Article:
Mish and Rob are freelance writers and web development project managers. Since March, they’ve been completely location independent – giving them the freedom to travel wherever they want to go, whenever they want. They’re happy to admit to being “unadventurous adventurers”: they like to live in nice, clean apartments (with air conditioning, wifi and decent mattresses), in nice, civilised cities. Read their stories, guidance and advice on www.makingitanywhere.com.
We really wish we were teachers, or accountants, or shop owners: then it’d be far easier to convince you that you can do any of these jobs (and more) and still be location independent. Instead, we’re boring old copywriters and web development people – careers that it seems every single bloomin’ digital nomad has (unless they’re WordPress developers or graphic designers).
But let us try to convince you that it is possible to be a non-techie, make a decent income and travel the world. You’ll need a certain amount of digital know-how, but you definitely won’t need to make it part of your career.
Over the next few weeks, we’re going to look at different types of non-techie career that you can do from anywhere. We’ll interview people who already do it, and we’ll give you tips on what you need to get started and useful resources you can use.
Location independent business model #3: Providing a service? You don’t need to be in the same country as your clients
Client lunches on expenses. Jollies at Ascot and Wimbledon. We can’t deny it: being in the “old fashioned” service industry has its upsides. Or should that be “had”? Those sorts of perks are getting rarer and rarer due to recession-induced cutbacks.
And anyway, are they really good enough to put up with all the downsides of inflexible office hours, 25 days’ holiday a year and career progression speeds that would cause a tortoise to high-five itself?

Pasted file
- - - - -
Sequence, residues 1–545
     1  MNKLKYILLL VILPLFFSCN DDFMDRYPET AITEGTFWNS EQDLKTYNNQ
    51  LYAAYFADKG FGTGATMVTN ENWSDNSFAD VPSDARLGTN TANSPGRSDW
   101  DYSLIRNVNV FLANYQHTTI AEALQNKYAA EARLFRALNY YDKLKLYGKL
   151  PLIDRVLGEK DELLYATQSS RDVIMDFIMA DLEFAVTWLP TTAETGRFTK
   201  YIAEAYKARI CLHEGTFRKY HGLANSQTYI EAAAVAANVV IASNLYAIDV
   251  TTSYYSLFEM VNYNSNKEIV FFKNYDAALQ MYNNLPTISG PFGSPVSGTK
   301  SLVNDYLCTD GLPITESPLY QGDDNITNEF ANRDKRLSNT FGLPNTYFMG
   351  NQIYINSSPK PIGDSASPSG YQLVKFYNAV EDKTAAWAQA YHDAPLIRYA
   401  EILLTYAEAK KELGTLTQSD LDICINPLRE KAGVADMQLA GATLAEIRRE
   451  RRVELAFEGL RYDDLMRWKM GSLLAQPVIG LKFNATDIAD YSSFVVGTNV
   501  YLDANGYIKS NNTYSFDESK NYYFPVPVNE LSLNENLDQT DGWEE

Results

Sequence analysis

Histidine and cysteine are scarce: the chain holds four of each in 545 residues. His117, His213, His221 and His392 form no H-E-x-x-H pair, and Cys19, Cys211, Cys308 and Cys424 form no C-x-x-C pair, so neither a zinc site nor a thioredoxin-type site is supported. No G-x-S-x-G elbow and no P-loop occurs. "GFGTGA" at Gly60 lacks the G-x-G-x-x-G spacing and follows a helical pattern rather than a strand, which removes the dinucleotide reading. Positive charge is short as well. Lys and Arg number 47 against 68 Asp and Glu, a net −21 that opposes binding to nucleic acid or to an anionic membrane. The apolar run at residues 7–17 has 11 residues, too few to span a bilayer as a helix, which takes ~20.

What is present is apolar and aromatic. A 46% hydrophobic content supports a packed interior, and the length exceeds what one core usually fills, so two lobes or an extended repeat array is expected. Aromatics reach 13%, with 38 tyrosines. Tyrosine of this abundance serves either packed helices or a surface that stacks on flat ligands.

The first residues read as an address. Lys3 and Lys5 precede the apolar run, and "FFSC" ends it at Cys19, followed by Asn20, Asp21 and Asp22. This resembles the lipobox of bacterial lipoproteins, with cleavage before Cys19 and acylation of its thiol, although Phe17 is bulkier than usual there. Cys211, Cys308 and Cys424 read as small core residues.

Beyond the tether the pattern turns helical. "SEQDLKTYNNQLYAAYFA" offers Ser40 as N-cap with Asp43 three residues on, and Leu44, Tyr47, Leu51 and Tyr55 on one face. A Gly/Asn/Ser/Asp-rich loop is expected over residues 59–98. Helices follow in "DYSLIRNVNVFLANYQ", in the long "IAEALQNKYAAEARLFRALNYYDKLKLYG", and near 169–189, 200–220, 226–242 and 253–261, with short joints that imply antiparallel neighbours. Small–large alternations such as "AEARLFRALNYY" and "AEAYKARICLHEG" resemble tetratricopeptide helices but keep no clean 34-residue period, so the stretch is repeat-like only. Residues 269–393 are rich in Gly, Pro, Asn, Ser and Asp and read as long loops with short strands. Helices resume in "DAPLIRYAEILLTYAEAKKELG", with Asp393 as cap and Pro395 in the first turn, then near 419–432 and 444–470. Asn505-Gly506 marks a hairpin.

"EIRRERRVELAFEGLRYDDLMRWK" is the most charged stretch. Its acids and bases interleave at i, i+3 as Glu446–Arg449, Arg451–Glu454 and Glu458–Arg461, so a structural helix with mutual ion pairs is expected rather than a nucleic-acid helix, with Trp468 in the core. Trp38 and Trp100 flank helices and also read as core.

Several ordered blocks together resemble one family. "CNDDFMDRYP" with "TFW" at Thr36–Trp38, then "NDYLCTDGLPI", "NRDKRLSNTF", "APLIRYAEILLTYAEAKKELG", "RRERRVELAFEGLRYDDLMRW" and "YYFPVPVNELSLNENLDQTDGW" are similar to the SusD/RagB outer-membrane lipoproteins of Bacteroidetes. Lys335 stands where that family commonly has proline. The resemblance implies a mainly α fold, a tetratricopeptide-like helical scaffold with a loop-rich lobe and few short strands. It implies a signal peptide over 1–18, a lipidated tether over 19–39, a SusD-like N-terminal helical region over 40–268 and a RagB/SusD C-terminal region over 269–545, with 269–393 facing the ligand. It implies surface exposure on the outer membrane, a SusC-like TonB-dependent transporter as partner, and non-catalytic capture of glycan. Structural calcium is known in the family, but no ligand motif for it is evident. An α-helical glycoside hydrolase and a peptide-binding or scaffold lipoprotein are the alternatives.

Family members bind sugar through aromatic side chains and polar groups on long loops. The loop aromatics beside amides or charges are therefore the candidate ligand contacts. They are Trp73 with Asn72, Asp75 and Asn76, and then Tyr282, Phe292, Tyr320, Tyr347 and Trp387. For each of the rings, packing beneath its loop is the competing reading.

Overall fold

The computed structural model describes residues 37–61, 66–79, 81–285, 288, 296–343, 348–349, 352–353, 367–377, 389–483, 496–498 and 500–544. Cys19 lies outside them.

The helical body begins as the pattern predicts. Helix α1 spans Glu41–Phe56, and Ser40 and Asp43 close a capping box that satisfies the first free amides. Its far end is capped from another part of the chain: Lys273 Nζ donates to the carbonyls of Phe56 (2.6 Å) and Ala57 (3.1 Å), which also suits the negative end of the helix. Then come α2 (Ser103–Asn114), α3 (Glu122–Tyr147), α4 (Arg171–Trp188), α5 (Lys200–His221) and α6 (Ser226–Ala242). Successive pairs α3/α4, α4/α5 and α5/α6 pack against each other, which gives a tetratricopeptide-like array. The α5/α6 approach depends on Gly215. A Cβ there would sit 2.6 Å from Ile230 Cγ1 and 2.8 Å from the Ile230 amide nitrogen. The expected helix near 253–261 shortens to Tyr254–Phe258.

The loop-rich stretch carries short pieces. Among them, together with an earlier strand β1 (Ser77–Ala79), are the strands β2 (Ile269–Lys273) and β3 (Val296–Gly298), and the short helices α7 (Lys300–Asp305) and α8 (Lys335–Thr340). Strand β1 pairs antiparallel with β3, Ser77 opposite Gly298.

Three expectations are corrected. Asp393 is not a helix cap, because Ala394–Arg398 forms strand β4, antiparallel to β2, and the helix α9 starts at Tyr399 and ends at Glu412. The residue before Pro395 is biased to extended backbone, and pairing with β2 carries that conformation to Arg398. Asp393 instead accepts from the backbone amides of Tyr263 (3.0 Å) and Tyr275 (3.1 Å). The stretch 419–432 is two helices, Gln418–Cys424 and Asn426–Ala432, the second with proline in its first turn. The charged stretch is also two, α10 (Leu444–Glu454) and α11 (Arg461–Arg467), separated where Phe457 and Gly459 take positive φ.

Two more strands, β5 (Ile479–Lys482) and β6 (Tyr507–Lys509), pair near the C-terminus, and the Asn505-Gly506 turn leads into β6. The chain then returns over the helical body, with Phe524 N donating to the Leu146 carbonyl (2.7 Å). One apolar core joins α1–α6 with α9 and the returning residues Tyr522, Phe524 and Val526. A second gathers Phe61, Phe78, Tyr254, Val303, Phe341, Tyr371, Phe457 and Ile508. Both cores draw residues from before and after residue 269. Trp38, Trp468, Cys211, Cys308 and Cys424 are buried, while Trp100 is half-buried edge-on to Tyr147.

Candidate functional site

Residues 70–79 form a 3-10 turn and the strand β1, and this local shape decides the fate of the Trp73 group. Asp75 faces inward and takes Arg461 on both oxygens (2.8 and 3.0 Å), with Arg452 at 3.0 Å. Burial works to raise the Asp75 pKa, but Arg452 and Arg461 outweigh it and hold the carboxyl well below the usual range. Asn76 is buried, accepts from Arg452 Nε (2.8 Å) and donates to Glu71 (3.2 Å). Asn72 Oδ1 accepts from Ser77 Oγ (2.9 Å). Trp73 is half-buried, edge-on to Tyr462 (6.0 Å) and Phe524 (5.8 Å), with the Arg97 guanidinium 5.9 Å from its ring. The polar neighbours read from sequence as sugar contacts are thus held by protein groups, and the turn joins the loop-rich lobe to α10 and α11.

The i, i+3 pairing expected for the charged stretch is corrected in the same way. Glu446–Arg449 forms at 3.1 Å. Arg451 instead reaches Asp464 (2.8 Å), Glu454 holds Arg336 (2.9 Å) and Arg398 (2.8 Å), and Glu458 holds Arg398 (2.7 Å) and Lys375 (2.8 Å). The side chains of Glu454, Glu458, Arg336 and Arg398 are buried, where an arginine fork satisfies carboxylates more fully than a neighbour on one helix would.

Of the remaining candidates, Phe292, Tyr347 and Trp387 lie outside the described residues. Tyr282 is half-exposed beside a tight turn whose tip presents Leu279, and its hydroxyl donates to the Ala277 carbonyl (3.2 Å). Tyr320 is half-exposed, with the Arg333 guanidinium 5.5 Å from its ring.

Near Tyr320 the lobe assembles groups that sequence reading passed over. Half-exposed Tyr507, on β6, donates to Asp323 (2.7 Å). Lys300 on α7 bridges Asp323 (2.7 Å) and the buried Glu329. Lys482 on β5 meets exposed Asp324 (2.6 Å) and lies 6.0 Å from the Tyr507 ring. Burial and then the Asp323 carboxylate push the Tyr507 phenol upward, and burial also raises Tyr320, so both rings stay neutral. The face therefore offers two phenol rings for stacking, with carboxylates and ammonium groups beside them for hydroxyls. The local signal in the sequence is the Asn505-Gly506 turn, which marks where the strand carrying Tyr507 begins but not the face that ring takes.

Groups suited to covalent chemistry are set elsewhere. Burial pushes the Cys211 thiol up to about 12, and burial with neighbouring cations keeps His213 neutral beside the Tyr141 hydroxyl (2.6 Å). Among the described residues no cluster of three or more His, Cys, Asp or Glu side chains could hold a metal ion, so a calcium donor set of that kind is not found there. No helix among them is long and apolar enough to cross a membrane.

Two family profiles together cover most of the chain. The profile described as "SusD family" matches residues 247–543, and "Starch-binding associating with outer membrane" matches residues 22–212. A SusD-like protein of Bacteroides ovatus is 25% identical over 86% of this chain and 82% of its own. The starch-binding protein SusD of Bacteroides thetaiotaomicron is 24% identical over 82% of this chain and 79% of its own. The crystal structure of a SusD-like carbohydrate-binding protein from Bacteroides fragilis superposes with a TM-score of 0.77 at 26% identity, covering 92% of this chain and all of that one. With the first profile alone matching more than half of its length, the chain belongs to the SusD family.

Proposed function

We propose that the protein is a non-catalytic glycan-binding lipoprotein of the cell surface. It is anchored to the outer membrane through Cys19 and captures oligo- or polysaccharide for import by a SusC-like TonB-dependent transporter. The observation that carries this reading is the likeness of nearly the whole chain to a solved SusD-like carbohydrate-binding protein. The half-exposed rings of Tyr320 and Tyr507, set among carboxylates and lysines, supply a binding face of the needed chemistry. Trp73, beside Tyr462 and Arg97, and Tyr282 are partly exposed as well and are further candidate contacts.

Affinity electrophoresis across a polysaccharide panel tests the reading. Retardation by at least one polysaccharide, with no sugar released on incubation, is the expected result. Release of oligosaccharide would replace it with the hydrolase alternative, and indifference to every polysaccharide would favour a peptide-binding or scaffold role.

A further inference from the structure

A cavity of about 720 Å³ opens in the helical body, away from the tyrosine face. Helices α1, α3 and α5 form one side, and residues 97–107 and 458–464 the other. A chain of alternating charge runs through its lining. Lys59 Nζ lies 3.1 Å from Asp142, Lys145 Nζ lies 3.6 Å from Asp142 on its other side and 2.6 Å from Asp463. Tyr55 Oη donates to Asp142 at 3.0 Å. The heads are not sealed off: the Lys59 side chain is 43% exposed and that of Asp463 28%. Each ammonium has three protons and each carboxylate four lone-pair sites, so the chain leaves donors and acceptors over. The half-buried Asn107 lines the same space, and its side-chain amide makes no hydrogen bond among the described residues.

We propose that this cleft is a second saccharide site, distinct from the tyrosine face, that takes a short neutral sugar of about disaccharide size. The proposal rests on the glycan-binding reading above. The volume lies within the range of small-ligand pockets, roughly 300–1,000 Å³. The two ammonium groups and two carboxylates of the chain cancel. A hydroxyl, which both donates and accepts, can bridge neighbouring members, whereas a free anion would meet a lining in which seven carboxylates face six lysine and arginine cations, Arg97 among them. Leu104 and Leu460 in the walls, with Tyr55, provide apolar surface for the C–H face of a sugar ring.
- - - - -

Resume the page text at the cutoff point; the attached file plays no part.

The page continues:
Know the names of Rung 1’s nephews?
Yeah… you’ve been there too long
It doesn’t need to be that way. If you love what you do but want to do it from anywhere, you can! It isn’t just techies like web designers who can be location independent: heaps of people like HR consultants, marketing professionals, copywriters and accountants are providing services for UK-based clients from around the world.
Starting out on your own
It’s likely that you’re an employee at an agency/company at the moment. So once you’ve quit (or even beforehand), you’ll need to start setting up the foundations for your own “brand” and your own services. We’ll be honest: on the “easy as” scale, this one’s quite a few notches above pie.
Kent and Caanan (from www.novacationrequired.com) run an HR consultancy business from wherever they are in the world. Although they both had backgrounds in management/PR, they still found it tough to find clients at first. As Kent says, “A large part of how we spend our time revolves around client acquisition, marketing, record-keeping and constant, proactive client communication.”
Once you acquire those clients, it does get easier. But how to get them in the first place?
For most people, it’s a combination of things (and it makes sense to do all this stuff before you’ve left the country, if you can)…
Having a website
As we’ve mentioned in previous posts in the series, you’ll need a website so that people can find you in the first place and then find out more about you. But you don’t need to teach yourself HTML and do it yourself – just outsource it. Elance is a great place to find designers/developers who can build you a simple website.
Alternatively, you could use WordPress – a free platform that lets you build a website with no coding or HTML knowledge.
Although there’s no need for your website to look gob-smackingly gorgeous, it does need to look professional, and it must be easy to read/understand. If you’re not great with words, you should think about outsourcing the website copywriting too.
Put a picture like this on your site and we’ll personally shoot you
Getting people to notice your website
You need to think about the dreaded SEO. But seriously: don’t waste your brain capacity with it all. Again, just hire an SEO expert who’ll tell you exactly what you need to get your site up the Google rankings. You can hire these through Elance or similar online services. (Of course, the company that comes up first when you Google “SEO expert” is bound to be pretty good, but we’re guessing they’re also going to be horrifically expensive.)
Another way of getting traffic to your site is by posting on relevant forums and linking back to your site. It really works if you appear knowledgeable and helpful on forums: people will take a keen interest in you.